When should you start thinking about long-term care planning? Because you never know when a need for care may arise, planning for care when you are younger and healthier can provide additional options as you’re more likely to qualify for coverage. Plus, cost is based on your age when you apply, so waiting can end up costing you more. Some people are beginning to plan as early as in their 40s.

Where is care provided? Long-term care can be provided in a variety of settings, including at home, in an assisted-living facility or in a nursing home depending on the amount and type of care needed. In fact, some insurance plans cover care on a part-time basis by a family member or home health worker. Planning ahead can allow for more control over how and where you receive care.

How much does long-term care cost? Long-term care costs vary depending on where you live, the type of care provided and the setting. Home-care services average $24-$135 per hour, according to the New York Life Cost of Care Survey, while private rooms in nursing homes can cost more than $100,000 a year. Long-term care is generally not covered by health insurance, and government programs like Medicare or Medicaid have limitations, which often isn’t discovered until care is needed. However, New York Life offers longterm care options to AARP members and provides specially trained agents who can provide guidance. The agents can work with you and your family to create a customized plan based on your financial goals, helping protect your assets should you ever require long-term care.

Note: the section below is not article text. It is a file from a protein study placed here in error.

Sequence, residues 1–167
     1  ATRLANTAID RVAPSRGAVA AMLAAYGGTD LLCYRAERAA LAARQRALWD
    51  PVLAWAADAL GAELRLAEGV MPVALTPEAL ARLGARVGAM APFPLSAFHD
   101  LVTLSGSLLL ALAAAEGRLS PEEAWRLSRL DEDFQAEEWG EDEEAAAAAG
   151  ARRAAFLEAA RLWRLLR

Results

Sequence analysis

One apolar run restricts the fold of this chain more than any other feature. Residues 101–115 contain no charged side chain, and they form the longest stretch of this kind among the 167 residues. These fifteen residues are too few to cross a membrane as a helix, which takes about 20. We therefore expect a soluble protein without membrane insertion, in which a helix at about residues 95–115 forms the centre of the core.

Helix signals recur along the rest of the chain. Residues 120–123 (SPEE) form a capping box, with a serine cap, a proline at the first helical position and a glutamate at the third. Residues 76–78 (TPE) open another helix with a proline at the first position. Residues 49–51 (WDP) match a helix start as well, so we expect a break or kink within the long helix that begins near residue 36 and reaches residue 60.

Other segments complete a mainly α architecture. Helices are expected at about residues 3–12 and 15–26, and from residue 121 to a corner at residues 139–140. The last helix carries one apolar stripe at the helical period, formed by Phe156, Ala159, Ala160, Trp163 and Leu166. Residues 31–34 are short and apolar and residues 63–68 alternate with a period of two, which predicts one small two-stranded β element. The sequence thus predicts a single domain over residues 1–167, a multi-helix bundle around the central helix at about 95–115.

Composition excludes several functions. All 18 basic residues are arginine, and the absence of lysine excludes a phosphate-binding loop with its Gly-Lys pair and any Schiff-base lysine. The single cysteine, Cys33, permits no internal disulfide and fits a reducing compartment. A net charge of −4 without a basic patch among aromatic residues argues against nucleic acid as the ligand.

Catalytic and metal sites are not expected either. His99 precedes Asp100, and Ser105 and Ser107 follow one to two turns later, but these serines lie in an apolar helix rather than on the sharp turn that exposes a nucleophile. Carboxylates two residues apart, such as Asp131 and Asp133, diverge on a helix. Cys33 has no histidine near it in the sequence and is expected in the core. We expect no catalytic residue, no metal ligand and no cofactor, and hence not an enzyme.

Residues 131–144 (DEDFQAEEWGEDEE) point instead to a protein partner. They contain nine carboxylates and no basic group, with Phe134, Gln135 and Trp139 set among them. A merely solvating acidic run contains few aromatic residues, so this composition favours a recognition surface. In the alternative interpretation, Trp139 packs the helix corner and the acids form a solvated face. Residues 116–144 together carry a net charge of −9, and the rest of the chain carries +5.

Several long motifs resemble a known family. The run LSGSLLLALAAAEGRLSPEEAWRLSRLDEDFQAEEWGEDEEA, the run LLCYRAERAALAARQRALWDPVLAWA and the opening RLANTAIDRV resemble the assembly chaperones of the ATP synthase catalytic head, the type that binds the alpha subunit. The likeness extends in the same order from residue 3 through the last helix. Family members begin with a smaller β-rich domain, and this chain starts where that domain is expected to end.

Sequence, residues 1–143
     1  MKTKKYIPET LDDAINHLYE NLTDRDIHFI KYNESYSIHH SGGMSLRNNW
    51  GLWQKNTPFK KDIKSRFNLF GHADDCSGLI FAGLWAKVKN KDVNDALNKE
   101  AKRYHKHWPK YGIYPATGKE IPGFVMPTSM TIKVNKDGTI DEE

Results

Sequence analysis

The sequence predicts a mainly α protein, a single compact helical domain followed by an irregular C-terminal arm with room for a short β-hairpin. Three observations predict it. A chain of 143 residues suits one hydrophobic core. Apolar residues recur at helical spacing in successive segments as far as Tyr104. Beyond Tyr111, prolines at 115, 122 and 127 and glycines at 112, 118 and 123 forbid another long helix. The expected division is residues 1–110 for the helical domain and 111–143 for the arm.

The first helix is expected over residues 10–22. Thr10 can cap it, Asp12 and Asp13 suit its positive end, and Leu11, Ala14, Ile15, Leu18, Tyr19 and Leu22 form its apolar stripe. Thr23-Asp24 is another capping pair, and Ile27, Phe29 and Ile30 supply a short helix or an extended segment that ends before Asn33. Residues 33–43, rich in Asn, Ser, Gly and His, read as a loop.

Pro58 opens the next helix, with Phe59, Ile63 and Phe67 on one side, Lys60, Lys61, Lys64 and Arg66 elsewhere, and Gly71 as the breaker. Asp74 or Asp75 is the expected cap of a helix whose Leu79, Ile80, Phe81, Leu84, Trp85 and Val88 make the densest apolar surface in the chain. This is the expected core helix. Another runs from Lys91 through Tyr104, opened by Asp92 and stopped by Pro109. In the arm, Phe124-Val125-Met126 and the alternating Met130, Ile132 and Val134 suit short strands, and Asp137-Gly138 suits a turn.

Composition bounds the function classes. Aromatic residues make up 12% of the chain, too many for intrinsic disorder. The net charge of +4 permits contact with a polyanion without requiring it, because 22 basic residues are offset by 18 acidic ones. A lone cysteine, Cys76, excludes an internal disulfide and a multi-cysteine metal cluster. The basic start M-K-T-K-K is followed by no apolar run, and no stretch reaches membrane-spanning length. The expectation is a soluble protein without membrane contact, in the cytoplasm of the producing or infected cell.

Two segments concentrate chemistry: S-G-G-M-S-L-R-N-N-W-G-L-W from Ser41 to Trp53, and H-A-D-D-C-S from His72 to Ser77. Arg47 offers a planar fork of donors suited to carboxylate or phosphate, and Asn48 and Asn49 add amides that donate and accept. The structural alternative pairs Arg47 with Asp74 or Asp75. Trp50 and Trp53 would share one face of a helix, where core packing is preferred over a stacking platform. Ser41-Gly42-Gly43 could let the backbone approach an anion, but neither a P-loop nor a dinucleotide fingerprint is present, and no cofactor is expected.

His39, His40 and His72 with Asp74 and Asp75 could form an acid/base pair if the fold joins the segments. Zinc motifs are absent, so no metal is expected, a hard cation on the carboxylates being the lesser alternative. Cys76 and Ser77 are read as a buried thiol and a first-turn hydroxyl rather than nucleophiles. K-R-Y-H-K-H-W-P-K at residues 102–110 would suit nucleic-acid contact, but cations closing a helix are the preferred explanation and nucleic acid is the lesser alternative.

How much coverage do you need? The amount of coverage you need typically varies based on several considerations including budget, age, the type of care expected and how much of your assets and income you may be willing to use to offset the care costs. You don’t have to cover your entire risk - choosing a modest amount of coverage can still provide benefits and help protect other assets. While planning for long-term care can seem daunting, you can find more benefits and information to make the process easier at aarp.org/benefits.